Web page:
Second, looking this time at simulations where the correlation between the biomarker and the BR response factor was set to 0.3 or 0.6, the β from each replicate was compared to the β obtained when the model was applied to all simulated participants across all replicates in the absence of censoring (Figure 7B). This analysis method allows the impact of different censoring patterns on effect size estimates to be assessed. For the open label design, for a larger true effect size, censoring was seen to result in a larger estimated effect size across all types of censoring parameters utilized (p < 0.0001), and in the high dropout case even with the lower true effect size. Censoring parameters did not have a significant effect on the other three trial designs.


These results suggest that an aggregated N-of-1 trial design beginning with an open label titration phase may provide superior power compared to an open label or open label followed by blinded discontinuation trial design, and similar but slightly decreased power compared to a traditional crossover trial design, in detecting an association between a predictive biomarker and the clinical response to the PTSD pharmacotherapeutic prazosin. In contrast to the traditional crossover design, this increased power is achieved in a clinical trial design that allows all participants to start on open-label active treatment, a significant advantage in allowing the recruitment of a symptomatic study population.

The increased statistical power seen in the N-of-1 trial design as compared with the purely open-label trial design is consistent with the information-theoretic expectation that any clinical trial design that provides minimal or no information about who in a purely active treatment group is showing a response that is specific to the intervention provided, vs. who is showing a response to treatment that is not dependent on the specific biologic treatment provided, will have an associated decrease in statistical power when used to assess the relationship of a baseline biomarker to treatment response. A significant decrease in statistical power was across all tested trial designs except the open label design when a carryover term was introduced; this effect was particularly large for the N-of-1 and open-label followed by blinded discontinuation trial designs. Although this decrease in power is consistent with expectation, the magnitude of this drop with even short half-life carryover effects underscored the critical nature of this parameter in determining the appropriateness of an N-of-1 trial design; it also suggests that the development of analysis methods that incorporate and expectation of carryover may significantly improve the power and utility of N-of-1 clinical trial designs in personalized medicine applications.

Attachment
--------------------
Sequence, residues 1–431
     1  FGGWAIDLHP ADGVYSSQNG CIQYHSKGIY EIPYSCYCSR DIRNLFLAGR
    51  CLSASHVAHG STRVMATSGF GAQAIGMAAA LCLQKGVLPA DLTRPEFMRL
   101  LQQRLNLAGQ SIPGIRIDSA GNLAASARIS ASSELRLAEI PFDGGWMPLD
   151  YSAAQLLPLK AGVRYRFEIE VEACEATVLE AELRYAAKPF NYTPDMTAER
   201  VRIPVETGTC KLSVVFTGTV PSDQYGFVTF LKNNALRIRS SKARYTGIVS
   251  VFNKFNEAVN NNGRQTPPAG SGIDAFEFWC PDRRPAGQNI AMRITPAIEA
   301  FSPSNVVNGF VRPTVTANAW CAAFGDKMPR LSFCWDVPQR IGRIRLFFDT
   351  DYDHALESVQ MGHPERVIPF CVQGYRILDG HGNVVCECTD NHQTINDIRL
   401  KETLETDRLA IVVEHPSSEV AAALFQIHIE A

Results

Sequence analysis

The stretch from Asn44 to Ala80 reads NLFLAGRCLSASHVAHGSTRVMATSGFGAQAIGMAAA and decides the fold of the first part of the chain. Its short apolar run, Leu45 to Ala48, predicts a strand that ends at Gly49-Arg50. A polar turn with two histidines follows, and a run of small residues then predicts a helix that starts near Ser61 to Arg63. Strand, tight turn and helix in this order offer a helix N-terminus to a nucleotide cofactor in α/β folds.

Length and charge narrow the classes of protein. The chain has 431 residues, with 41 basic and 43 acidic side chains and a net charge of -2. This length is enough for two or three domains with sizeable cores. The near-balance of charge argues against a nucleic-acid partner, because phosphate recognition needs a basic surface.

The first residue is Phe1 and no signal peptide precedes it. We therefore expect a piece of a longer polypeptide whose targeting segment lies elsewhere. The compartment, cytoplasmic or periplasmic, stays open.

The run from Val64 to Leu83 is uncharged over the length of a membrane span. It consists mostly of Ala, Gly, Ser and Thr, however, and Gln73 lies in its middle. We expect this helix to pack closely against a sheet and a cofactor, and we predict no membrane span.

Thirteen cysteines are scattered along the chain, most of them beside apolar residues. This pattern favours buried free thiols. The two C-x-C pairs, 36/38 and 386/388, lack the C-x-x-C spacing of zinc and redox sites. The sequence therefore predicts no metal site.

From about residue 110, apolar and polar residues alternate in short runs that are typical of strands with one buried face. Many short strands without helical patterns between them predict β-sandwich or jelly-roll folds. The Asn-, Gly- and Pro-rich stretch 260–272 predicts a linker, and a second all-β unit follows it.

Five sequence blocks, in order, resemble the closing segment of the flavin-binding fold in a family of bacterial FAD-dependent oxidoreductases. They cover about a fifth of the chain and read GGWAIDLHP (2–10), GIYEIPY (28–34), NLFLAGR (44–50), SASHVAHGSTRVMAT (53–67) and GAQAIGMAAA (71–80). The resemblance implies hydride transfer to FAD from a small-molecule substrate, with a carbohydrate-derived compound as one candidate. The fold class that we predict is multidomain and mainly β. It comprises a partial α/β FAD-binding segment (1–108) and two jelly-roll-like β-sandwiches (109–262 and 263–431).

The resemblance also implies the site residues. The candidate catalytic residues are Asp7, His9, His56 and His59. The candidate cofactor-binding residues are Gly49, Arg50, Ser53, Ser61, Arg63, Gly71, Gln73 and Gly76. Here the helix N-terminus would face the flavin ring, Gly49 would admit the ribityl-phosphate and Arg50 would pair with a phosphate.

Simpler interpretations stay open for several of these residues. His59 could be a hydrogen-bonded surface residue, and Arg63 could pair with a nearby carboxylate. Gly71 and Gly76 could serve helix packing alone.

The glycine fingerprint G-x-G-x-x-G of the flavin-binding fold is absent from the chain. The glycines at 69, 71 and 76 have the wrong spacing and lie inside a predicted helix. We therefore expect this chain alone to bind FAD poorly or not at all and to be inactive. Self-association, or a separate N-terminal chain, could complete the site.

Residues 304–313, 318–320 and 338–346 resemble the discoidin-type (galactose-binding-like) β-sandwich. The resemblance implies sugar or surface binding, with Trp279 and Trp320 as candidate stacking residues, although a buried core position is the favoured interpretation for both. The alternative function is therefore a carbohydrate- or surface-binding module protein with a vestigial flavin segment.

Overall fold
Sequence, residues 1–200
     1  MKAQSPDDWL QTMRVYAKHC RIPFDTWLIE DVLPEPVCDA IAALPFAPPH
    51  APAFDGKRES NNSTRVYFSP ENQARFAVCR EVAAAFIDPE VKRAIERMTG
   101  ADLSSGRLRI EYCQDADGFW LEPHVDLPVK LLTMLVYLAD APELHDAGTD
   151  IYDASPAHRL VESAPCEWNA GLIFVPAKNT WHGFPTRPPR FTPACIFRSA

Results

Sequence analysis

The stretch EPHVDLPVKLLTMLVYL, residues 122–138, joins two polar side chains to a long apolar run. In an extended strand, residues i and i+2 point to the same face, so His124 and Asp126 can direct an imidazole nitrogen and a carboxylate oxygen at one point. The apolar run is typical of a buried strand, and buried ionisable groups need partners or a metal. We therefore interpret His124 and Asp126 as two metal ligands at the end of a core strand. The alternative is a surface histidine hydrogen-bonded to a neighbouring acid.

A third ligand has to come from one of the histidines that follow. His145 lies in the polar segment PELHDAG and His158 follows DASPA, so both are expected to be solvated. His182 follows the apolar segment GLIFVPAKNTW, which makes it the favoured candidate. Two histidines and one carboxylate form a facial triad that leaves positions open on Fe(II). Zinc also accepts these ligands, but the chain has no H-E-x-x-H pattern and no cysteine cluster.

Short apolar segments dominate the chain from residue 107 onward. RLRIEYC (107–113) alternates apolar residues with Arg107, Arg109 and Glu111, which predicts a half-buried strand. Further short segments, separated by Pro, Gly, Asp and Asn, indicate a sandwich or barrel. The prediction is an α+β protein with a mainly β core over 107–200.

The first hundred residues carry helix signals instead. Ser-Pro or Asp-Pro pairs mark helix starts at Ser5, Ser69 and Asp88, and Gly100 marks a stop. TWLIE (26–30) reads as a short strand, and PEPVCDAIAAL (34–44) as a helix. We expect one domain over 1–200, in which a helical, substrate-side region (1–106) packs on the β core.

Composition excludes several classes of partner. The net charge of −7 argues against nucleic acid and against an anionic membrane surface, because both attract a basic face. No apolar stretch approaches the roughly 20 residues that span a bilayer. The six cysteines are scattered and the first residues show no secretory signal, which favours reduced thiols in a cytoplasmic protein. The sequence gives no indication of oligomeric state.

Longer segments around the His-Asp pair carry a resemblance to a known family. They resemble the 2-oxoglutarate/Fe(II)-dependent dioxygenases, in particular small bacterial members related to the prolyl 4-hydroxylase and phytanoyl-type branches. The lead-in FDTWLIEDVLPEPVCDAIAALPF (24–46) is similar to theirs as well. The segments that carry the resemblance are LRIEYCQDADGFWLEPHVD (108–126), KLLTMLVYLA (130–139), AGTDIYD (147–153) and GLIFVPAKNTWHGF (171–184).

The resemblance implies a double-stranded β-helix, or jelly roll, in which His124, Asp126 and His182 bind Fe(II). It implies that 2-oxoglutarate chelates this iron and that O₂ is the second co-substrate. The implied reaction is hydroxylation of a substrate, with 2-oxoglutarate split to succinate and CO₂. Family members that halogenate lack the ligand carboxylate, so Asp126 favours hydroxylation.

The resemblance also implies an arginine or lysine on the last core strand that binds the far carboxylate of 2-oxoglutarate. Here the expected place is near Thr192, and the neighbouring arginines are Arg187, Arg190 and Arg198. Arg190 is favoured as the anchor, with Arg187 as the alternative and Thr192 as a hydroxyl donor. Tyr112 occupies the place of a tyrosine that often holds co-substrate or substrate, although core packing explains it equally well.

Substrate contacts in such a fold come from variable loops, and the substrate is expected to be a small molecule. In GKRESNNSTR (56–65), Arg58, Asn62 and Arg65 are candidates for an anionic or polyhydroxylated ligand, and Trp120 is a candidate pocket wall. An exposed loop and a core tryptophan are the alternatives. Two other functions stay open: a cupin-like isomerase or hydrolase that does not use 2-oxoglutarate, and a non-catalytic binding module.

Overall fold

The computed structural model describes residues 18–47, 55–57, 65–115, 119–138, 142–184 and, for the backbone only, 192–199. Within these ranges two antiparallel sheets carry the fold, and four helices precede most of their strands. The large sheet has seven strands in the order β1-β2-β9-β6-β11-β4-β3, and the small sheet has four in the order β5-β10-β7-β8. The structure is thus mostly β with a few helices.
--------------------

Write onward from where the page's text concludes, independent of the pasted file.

These results support both the use of aggregated N-of-1 clinical trial designs to optimize both statistical power to detect a relationship between predictive biomarkers and treatment response and clinical-logistical constraints, such as a need to allow patients to begin with active treatment. They also support the use of statistical simulation to quantitatively compare alternative clinical trial designs in such a context.